The Johnson & Johnson COVID vaccine halt: here's what investors need to know

Officials are investigating "severe" blood clots in some people.

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This article was originally published on All figures quoted in US dollars unless otherwise stated.

Johnson & Johnson (NYSE: JNJ) has what many Americans want: a one-dose COVID-19 vaccine. I know people who waited on vaccination specifically to get the J&J jab. The U.S. Food and Drug Administration (FDA) granted the company Emergency Use Authorization in late February. That's two months after the authorization of two-dose vaccines from Pfizer and Moderna. And last month the U.S. ordered an additional 100 million J&J doses. It ordered an initial 100 million doses last year.

The momentum slammed to a halt this week, though. The FDA and the Centers for Disease Control and Prevention (CDC) recommended a pause in the administration of the J&J vaccine after the occurrence of "rare and severe" blood clots in some people. Now investors may be wondering what this means for J&J's future in the vaccine space -- and its share price. Here's what you need to know.

A rare occurence

First, we should put the situation into perspective. J&J has vaccinated more than 6.8 million people in the U.S. so far. Six cases of blood clots have been reported. So this remains an exceptionally rare occurrence. The FDA says it recommends the halt "out of an abundance of caution."

The CDC is meeting with an immunization practices advisory committee on Wednesday to examine the cases. And the FDA is also investigating. The agencies recommend the vaccination halt until their review is complete.

The people who experienced the blood clots were women between the ages of 18 and 48. Symptoms appeared six to 13 days after vaccination. The blood clots -- cerebral venous sinus thrombosis -- are of a type usually treated with the anticoagulant drug heparin. But health officials say that in these cases heparin could be dangerous -- and that means a different treatment must be used.

It's impossible to predict the review's outcome. But we can use the clues we have to imagine potential scenarios.

Considering there is a pattern so far -- women in a certain age group -- the agencies may allow vaccination to resume in those who aren't in this group. It's also possible the agencies will learn why the clotting events occurred and how to prevent them in the future. In that case, vaccination might resume in everyone age 18 and older.

It's also possible experts won't learn exactly why these events occurred. But due to their rarity, the agencies may allow vaccinations in all groups to resume -- as long as healthcare providers have a blood clot treatment plan in place.

"Recognition and management"

The FDA emphasized the idea of awareness among practitioners. The agency said the vaccination pause is important "to ensure that the healthcare provider community is aware of the potential for these adverse events and can plan for proper recognition and management."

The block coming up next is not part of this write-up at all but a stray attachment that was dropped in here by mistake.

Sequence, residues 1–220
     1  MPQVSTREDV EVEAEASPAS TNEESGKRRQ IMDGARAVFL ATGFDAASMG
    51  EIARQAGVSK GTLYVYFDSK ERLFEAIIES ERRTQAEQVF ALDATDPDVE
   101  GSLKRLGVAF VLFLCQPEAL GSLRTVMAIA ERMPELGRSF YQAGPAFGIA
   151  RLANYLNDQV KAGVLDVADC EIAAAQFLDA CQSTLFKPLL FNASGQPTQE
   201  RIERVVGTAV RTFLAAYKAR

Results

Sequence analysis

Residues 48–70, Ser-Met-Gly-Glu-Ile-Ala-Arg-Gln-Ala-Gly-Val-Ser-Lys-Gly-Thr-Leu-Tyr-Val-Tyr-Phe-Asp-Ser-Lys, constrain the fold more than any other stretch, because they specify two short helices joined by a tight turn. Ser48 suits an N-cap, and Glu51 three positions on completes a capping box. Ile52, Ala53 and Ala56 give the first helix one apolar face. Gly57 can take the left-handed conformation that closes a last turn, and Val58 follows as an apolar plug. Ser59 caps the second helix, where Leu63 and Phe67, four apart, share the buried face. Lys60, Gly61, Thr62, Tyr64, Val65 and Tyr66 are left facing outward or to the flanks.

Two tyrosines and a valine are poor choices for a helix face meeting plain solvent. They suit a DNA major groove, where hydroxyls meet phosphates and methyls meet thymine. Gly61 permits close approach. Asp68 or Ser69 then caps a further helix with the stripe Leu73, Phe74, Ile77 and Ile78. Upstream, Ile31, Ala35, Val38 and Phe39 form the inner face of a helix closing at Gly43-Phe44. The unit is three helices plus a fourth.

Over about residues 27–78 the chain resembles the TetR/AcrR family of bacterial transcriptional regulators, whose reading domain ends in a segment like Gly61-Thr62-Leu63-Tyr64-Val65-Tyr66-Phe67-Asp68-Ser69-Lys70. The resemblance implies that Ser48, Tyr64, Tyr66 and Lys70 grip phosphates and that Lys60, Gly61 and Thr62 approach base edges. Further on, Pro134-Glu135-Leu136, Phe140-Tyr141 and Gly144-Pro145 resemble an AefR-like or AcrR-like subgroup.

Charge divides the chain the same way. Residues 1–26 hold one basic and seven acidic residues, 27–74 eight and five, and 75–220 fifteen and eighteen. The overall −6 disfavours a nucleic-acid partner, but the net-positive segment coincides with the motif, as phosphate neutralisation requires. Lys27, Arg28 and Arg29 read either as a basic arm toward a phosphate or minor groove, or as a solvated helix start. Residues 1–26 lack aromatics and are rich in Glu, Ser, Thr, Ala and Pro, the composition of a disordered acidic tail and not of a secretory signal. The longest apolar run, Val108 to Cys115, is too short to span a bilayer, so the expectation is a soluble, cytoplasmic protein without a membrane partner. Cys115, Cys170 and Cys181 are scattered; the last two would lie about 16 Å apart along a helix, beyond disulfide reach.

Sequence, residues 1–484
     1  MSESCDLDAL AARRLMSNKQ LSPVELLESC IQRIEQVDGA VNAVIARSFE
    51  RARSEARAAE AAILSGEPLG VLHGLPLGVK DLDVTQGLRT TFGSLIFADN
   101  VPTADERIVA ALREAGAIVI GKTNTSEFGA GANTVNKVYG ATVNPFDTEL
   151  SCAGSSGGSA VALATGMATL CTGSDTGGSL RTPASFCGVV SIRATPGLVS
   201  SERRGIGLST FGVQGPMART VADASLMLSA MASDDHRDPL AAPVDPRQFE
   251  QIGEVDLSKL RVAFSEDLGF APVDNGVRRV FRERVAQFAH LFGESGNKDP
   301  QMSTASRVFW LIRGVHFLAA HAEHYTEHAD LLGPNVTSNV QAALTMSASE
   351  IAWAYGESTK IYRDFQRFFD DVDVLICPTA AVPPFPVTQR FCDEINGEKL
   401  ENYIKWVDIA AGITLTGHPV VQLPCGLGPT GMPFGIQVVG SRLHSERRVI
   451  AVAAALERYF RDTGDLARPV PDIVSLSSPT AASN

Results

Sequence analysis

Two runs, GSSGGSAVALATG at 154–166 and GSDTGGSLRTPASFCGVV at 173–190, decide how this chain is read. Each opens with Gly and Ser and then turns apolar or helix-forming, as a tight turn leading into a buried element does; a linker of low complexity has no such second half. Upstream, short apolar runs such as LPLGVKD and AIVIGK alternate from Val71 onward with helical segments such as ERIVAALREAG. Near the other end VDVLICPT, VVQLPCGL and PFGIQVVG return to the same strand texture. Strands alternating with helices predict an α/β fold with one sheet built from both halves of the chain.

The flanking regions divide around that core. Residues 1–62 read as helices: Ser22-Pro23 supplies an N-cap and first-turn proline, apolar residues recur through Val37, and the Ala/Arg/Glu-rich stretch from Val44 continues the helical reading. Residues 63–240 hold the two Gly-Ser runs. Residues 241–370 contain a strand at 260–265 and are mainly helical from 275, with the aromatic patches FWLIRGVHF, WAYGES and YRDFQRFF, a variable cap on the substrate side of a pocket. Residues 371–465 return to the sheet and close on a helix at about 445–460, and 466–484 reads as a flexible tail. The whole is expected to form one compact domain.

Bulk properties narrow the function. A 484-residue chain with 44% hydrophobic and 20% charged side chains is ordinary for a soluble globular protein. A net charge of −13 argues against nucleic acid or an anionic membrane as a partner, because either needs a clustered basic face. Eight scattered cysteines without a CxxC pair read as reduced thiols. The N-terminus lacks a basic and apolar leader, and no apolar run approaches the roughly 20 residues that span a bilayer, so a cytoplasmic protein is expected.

So I'm optimistic this is about developing the best plan of use for the J&J vaccine -- not about taking it off the market.

Now, investors may be wondering what this pause means for J&J earnings. The answer is: nothing. J&J has pledged to sell its vaccine without taking a profit during the pandemic. This means any dip in vaccine use or sales won't hurt earnings.

J&J may raise the price of its vaccine after the pandemic is over -- in which case gains or declines in sales will add to or reduce profit. But even at that point, J&J investors shouldn't expect a huge impact. The company's vast array of products means it doesn't rely on just one for revenue or sales growth. For instance, J&J's full-year 2020 revenue totaled more than $82 billion. And the company's products span the categories of consumer health, pharmaceuticals, and medical devices.

How about share price? The shares may dip in the short term on this pause in vaccination. But I don't expect any declines to last for very long. Pharmaceutical stocks haven't been as sensitive to vaccine news as biotech stocks. Again, that's because they don't depend on just one product. So J&J shares remain a solid healthcare investment for the long term.

This article was originally published on All figures quoted in US dollars unless otherwise stated.

Adria Cimino has no position in any of the stocks mentioned. The Motley Fool Australia's parent company Motley Fool Holdings Inc. recommends Johnson & Johnson and Moderna Inc. The Motley Fool Australia has no position in any of the stocks mentioned. The Motley Fool has a disclosure policy. This article contains general investment advice only (under AFSL 400691). Authorised by Bruce Jackson.

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